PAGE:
To make it possible for more low-income high school students to get a head start on college, the U.S Department of Education is investing about $20 million in the 2016-17 school year on an experimental dual-enrollment program available through 44 colleges nationwide.
“The hope is that this investment will accelerate students toward completion,” said ED Secretary John B. King Jr. in an article that appeared in eSchool News.
The program will allow participating institutions to begin offering Pell grants to eligible students in July. High school students have to complete the Free Application for Federal Aid form to determine eligibility. Students who qualify can receive grants for up to 12 semesters with a maximum award of $5,815 for the 2016-17 school year.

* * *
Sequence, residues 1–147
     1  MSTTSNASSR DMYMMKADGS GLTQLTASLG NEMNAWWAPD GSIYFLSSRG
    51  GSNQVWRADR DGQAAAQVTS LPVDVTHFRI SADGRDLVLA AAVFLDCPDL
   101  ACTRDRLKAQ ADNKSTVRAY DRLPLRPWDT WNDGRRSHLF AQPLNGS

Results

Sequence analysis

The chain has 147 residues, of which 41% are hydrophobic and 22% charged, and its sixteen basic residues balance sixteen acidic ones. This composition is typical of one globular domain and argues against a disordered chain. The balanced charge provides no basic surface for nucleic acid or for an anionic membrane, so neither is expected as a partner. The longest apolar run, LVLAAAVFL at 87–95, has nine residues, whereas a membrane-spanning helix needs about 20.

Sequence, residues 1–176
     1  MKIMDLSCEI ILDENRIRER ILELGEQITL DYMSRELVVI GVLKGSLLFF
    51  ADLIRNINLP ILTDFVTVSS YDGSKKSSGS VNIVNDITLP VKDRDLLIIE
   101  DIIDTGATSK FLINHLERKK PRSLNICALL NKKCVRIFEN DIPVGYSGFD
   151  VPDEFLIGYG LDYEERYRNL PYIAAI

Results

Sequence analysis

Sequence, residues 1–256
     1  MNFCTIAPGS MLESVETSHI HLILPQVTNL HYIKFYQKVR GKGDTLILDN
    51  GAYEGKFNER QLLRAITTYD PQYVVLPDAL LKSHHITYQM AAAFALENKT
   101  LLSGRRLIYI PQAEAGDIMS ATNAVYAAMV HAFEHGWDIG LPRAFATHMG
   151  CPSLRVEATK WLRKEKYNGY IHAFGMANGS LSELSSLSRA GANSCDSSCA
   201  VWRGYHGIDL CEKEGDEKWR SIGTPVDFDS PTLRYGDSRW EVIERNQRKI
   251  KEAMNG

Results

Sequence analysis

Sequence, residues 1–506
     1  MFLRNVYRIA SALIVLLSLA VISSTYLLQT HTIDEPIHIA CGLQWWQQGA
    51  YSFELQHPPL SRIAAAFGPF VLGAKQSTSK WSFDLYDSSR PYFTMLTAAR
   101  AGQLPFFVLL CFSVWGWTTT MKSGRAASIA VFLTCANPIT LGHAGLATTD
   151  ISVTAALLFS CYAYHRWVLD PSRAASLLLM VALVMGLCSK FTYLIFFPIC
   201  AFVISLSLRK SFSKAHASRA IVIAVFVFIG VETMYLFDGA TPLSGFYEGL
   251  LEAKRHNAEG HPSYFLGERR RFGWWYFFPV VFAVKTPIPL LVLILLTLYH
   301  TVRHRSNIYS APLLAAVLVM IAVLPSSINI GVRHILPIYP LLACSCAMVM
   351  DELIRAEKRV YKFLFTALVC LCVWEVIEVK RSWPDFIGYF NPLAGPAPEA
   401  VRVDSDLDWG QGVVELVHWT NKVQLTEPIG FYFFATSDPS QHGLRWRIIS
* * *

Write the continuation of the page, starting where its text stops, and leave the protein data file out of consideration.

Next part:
According to the department, fewer than 10% of children in the bottom fourth of household incomes earn a bachelor’s degree by the age of 25.
“The courses students take while in high school and the support they get to succeed in those courses are major factors in not only whether students go to college but also in how well they will do when they get there,” King said in an article for U.S. News & World Report. “The more rigorous and engaging the classes are the better.”